Lucy appeared; but seeing us engaged in conversation, was about to retire: but he, stepping to her, and taking both her hands-OUR Lucy, obligingly, said he, you must come in-You are to be one judge of three in a certain cause, that will come before you And I hope

No prejudgings, Sir Charles, said I-You are not to plead at all

Yet deeply interested in the event, Miss Sel by! said he.

A bad sign, cousin Byron! said Lucy. I begin already to doubt the justice of your cause. When you hear it, Lucy, make, as you usu ally do, the golden rule yours, and I have nothing to fear.

I tell you, beforehand, I am inclined to fa

• Alluding to Festus's answer to St Paul. Acts, xxv. 12.

Your Sir Charles. No three judges can be found, but will believe, from his character, that he can not be wrong.

But from mine, that I may !-O my Lucy! I did not expect this from my cousin. You must not, I think, be one of my judges.

To this place, I have shewn my three judges. The following is their determination, drawn up by the dear lady president, my grandmamma:


WE, the underwritten, do find, upon the case laid before us by the said Harriet, That in the whole conversation between the said Sir Charles and her, she has behaved herself with that true virgin delicacy, yet with that laudable unreservedness, that might be expected from her character, and his merits. We think the gentleman has the advantage of the lady in the arguments for the early day contended for; and if she had defended herself by little artifices and disguises, we should have no scruple to decide against her: but as she has shewn, throughout the conversation, noble instances of generosity, trust reposed, and even acknowledged affection; we recommend to them both a compromise.

We allow, therefore, Sir Charles Grandison to pursue his intentions of going up to town, declaredly to prepare for the happy day; and recommend it to Harriet, in consideration of the merits of the requester, (who lays his whole heart open before her, in a manner too generous not to meet with a like return,) to fix as early a day as, in prudence, she can.

For the rest, May the Almighty shower down his blessings on both! May all their contentions, like this, be those of love and true delicacy! May they live together many, very many happy years, an example of conjugal felicity! and may their exemplary virtues meet with an everlasting reward!-So prays, so subscribes,


To-morrow morning, when Sir Charles comes to breakfast, this paper will be presented to him by my grandmamma.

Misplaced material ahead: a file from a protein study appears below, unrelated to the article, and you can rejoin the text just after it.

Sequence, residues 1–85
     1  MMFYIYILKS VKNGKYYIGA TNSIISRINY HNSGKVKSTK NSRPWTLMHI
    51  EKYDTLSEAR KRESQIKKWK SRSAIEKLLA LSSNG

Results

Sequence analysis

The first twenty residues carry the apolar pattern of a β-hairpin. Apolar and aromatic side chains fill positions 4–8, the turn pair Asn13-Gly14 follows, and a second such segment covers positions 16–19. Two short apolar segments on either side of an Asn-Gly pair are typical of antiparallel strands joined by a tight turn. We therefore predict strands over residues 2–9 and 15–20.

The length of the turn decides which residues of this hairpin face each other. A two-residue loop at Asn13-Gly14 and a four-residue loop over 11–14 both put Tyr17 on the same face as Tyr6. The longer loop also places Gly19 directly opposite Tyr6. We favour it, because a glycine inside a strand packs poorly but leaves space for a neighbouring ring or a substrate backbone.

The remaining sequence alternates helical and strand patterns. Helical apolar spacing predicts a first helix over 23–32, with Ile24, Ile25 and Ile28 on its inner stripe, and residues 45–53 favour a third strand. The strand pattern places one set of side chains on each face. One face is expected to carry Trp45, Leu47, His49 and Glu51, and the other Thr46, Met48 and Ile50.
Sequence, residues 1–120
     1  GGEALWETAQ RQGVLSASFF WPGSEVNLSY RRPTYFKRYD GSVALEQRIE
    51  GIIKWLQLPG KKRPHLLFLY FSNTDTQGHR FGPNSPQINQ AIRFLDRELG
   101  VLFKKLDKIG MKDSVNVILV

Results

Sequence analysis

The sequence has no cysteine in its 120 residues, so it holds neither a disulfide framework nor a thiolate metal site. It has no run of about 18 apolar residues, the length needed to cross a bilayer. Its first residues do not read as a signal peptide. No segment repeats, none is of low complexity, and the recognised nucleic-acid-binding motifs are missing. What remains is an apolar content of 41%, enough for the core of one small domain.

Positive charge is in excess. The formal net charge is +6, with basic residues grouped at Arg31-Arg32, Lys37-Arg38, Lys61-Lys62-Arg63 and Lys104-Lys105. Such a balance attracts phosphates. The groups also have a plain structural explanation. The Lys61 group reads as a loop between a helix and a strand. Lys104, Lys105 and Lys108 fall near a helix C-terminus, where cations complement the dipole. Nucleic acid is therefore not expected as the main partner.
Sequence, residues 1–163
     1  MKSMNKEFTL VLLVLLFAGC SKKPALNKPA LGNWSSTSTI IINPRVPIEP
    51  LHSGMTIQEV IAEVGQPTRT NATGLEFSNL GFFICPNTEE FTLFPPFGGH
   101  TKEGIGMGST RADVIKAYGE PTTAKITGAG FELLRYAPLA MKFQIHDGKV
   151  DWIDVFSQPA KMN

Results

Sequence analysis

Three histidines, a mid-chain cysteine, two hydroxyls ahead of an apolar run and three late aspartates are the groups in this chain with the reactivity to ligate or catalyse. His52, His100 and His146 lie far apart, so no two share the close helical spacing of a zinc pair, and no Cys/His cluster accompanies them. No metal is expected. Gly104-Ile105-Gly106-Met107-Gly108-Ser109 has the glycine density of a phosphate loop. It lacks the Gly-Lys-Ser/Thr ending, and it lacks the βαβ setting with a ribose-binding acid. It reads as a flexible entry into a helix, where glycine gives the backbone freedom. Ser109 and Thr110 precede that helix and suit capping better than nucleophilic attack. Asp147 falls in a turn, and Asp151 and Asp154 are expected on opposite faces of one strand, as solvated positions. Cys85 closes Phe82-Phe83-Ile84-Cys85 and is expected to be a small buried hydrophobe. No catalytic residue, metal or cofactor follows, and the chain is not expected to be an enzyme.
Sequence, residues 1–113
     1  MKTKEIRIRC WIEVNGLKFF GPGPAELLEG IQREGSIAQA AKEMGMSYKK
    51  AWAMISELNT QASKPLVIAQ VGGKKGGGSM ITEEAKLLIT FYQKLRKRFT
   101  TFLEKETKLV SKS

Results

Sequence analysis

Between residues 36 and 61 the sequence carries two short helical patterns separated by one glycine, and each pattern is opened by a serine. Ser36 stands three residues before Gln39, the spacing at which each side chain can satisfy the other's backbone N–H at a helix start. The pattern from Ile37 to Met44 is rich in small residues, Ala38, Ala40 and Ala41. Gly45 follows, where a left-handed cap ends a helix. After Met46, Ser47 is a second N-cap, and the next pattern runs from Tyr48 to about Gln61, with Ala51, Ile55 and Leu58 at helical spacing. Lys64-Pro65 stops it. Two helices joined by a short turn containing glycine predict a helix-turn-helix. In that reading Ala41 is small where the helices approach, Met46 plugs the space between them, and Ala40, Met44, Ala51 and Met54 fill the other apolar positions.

I wonder whether Sir Charles writes to Dr Bartlett an account of what passes here. If he does, what would I give to see his letters! and,

particularly, what he thinks of the little delays he meets with! But do, dear Lady G—, acquit me of affectation and parade. Indeed it is not that. I hope he himself acquits me, and censures himself; for, upon my word, he is unreasonably hasty.

I could not but express a little curiosity about his hint of Lady Olivia's favourable opinion of me, though not at the time; and he was so good as to shew me, and my grandmamma and aunt, a most extraordinary character which she gave me in a long letter. I saw it was a long letter: I was very Eve-ish, my dear. Lucy said afterwards, that I did so leer at it: an ugly word, importing slyness; and, after I was angry at myself for giving her the idea that put her upon applying it, I chid her for using it.

Lady Olivia writes such high things, my dear! I blush-I did not, could not, deserve them. I always pitied her, you know; but now you cannot imagine how much more than ever I pity her. Do all of us, indeed, as the men say, love flattery?-I did not think I did—I shall find out all the obliquities of my heart, in time. I was supposed once to be so good a creatureas if none other were half so good!-Ah, my partial friends! you studied your Harriet in the dark; but here comes the sun darting into all the crooked and obscure corners of my heart; and I shrink from his dazzling eye; and, compared to him, (and Clementina, let me add,) appear to myself such a nothing